Braun G. & Hogenberg F. and the Civitates Orbis Terrarum.

The Civitates Orbis Terrarum, or the "Braun & Hogenberg", is a six-volume town atlas and the most excellent book of town views and plans ever published: 363 engravings, sometimes beautifully coloured. It was one of the best-selling works in the last quarter of the 16th century. Georg Braun wrote the text accompanying the plans and views on the verso. Many plates were engraved after the original drawings of a professional artist, a professional artist, Joris Hoefnagel (1542-1600). The first volume was published in Latin in 1572, and the sixth in 1617. Frans Hogenberg created the tables for volumes I through IV, and Simon van den Neuwel made those for volumes V and VI. Other contributors were cartographers Daniel Freese and Heinrich Rantzau. Works by Jacob van Deventer, Sebastian Münster, and Johannes Stumpf were also used. Translations appeared in German and French.

Following the original publication of Volume 1 of the Civitates in 1572, seven further editions of 1575, 1577, 1582, 1588, 1593, 1599 and 1612 can be identified. Vol.2, first issued in 1575, was followed by further editions in 1597 and 1612. The subsequent volumes appeared in 1581, 1588, 1593, 1599 and 1606. The German translation of the first volume appeared from 1574 on, and the French edition from 1575 on.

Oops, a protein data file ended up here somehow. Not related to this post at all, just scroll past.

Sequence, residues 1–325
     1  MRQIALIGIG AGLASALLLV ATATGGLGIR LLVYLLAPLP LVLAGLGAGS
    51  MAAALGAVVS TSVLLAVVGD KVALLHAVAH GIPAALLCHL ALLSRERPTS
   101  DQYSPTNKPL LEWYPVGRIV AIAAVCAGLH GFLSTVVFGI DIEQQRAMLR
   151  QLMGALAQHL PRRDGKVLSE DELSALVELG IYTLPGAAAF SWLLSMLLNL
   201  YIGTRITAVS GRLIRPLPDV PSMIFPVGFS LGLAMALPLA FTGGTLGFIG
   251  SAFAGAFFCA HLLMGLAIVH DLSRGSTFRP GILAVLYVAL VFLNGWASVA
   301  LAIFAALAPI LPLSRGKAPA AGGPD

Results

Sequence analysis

Several printers were involved: Theodor Graminaeus, Heinrich von Aich, Gottfried von Kempen, Johannis Sinniger, Bertram Buchholtz and Peter von Brachel, who all worked in Cologne.

Georg Braun (1541-1622)

Georg Braun was born in Cologne in 1541. After his studies in Cologne, he entered the Jesuit Order as a novice. 1561, he obtained his bachelor's degree, and in 1562, he received his Magister Artium. Although he left the Jesuit Order, he studied theology, gaining a licentiate in theology.

Frans Hogenberg (1535-1590)

Frans Hogenberg was a Flemish and German painter, engraver, and mapmaker. He was born in Mechelen as the son of Nicolaas Hogenberg.

By the end of the 1560s, Frans Hogenberg was employed upon Abraham Ortelius's Theatrum Orbis Terrarum, published in 1570; he is named an engraver of numerous maps. In 1568, he was banned from Antwerp by the Duke of Alva and travelled to London, where he stayed a few years before emigrating to Cologne. He immediately embarked on his two most important works, the Civitates, published in 1572 and the Geschichtsblätter, which appeared in several series from 1569 until about 1587.

Thanks to large-scale projects like the Geschichtsblätter and the Civitates, Hogenberg's social circumstances improved with each passing year. He died as a wealthy man in Cologne in 1590.

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Ierusalem, et Suburbia eius, sicut Tempore Christi Floruit, cum Locis in quibus Christ Pass. est quae religiose à Christianis observata etiam num Veneratio ni habent descripta per Christianum Adrichom Delphum Delphum.

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Item Number:  29850 Authenticity Guarantee

Category:  Antique maps > Asia > Holy Land

Old, antique bird’s-eye view plan of Jerusalem by Georg Braun and Frans Hogenberg.

Title: Ierusalem, et Suburbia eius, sicut Tempore Christi Floruit, cum Locis in quibus Christ Pass. est quae religiose à Christianis observata etiam num Veneratio ni habent descripta per Christianum Adrichom Delphum Delphum.